The September 11 attacks (also referred to as September 11, September 11th, or 9/11) were a series of four coordinated suicide attacks upon the United States in New York City and the Washington, D.C. areas on September 11, 2001. On that Tuesday morning, 19 terrorists from the Islamist militant group al-Qaeda hijacked four passenger jets. The hijackers intentionally flew two of those planes, American Airlines Flight 11 and United Airlines Flight 175, into the North and South towers of the World Trade Center complex in New York City; both towers collapsed within two hours. The hijackers also intentionally crashed American Airlines Flight 77 into the Pentagon in Arlington, Virginia, and intended to pilot the fourth hijacked jet, United Airlines Flight 93, into the United States Capitol Building in Washington, D.C.; however, the plane crashed into a field near Shanksville, Pennsylvania, after its passengers attempted to take control of the jet from the hijackers. Nearly 3,000 people died in the attacks, including all 227 civilians and 19 hijackers aboard the four planes.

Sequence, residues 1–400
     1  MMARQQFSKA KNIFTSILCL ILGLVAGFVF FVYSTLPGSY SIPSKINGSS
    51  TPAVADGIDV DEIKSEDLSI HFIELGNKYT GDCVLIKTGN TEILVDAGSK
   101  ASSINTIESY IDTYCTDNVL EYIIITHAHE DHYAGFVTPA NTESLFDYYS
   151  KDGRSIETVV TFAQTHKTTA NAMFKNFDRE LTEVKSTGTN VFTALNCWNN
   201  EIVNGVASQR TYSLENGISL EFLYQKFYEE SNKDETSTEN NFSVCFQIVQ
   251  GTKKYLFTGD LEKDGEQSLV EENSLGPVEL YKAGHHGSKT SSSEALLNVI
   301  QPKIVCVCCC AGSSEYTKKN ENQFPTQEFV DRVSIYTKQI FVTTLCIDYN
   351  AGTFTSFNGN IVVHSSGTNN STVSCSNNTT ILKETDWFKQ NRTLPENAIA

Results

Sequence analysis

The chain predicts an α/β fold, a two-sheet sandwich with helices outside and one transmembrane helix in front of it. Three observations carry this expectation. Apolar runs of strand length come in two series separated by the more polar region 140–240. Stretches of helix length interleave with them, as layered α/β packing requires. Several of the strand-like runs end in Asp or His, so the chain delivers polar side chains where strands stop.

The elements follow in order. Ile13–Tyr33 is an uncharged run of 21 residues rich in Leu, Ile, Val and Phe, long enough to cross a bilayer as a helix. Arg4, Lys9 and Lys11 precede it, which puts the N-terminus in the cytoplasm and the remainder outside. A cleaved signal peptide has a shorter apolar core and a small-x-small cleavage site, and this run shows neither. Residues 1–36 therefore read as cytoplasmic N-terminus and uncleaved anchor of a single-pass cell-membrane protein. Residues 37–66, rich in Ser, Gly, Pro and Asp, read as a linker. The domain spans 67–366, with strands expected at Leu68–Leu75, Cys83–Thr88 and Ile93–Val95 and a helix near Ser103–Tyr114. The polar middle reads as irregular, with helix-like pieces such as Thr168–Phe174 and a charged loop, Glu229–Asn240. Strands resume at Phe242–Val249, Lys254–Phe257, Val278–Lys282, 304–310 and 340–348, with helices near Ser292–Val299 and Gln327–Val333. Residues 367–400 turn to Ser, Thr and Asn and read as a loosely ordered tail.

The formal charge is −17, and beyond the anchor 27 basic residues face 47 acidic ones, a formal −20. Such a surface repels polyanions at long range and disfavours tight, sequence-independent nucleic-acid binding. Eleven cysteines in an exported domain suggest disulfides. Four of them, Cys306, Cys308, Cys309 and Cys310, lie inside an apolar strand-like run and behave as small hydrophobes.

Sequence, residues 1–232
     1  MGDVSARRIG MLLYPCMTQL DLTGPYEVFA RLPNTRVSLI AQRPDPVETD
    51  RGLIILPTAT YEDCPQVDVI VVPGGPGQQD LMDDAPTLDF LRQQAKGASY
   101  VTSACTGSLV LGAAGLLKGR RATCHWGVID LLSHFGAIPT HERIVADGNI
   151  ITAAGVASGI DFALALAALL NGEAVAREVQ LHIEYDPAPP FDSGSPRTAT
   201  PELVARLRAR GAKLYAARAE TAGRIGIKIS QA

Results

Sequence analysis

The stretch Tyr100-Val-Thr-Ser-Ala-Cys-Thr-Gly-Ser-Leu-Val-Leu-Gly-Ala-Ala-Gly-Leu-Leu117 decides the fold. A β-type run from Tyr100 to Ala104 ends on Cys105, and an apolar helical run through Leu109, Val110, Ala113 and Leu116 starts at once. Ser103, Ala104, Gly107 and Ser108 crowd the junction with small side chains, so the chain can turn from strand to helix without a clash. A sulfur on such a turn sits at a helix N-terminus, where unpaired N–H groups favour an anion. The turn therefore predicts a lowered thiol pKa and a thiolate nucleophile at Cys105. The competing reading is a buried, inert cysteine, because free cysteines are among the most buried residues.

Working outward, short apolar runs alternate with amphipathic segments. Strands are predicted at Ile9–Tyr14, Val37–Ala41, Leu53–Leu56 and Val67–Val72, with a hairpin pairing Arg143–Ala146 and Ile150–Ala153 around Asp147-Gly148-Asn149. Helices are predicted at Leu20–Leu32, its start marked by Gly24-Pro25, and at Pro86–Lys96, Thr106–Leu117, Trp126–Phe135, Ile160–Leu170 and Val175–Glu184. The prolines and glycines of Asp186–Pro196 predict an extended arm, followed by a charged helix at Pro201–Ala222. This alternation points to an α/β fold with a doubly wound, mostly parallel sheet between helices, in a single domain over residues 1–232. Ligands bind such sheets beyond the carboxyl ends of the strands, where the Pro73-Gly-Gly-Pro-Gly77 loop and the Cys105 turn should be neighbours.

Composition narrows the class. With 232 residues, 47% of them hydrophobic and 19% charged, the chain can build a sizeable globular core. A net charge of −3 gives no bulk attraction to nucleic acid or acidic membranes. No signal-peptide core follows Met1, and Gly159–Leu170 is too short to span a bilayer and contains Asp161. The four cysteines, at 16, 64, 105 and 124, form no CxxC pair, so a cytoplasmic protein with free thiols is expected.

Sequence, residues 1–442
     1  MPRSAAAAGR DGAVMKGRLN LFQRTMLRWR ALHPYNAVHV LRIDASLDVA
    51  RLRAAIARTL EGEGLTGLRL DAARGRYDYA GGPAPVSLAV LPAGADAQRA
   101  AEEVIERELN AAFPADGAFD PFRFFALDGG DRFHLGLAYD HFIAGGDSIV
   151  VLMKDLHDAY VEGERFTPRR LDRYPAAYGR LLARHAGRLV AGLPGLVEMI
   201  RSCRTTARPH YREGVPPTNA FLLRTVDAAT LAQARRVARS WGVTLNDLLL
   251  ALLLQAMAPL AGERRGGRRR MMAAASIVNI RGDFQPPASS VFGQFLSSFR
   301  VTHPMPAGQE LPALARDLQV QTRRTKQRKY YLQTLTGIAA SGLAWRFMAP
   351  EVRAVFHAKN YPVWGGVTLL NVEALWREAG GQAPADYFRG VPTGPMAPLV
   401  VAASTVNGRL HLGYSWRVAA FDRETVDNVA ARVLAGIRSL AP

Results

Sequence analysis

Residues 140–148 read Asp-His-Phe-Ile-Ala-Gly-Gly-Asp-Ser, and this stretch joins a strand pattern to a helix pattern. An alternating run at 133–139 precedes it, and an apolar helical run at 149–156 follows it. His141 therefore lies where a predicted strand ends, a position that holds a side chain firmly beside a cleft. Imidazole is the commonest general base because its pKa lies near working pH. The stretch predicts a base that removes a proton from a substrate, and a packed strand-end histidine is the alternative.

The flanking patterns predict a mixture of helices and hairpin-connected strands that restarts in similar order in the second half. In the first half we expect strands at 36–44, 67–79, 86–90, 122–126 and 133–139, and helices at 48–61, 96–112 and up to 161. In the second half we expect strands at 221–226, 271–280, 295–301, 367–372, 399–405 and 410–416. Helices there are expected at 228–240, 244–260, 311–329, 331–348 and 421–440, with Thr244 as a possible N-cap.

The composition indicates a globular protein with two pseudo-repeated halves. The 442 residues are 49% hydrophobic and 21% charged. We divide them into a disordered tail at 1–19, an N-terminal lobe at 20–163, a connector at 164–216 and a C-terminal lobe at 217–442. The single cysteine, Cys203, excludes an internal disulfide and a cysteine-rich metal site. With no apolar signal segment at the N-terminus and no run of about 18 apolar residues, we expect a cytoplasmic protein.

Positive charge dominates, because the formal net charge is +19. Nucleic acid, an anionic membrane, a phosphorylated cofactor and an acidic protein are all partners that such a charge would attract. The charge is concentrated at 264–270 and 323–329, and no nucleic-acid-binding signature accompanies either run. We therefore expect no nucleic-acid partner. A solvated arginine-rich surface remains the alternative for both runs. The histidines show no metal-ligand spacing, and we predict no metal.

Congress created the National Fallen Firefighters Foundation to lead a nationwide effort to honor America's fallen firefighters. Since 1992, the non-profit Foundation has developed and expanded programs that fulfill that mandate. Our mission is to honor and remember America's fallen fire heroes and to provide resources to assist their survivors in rebuilding their lives.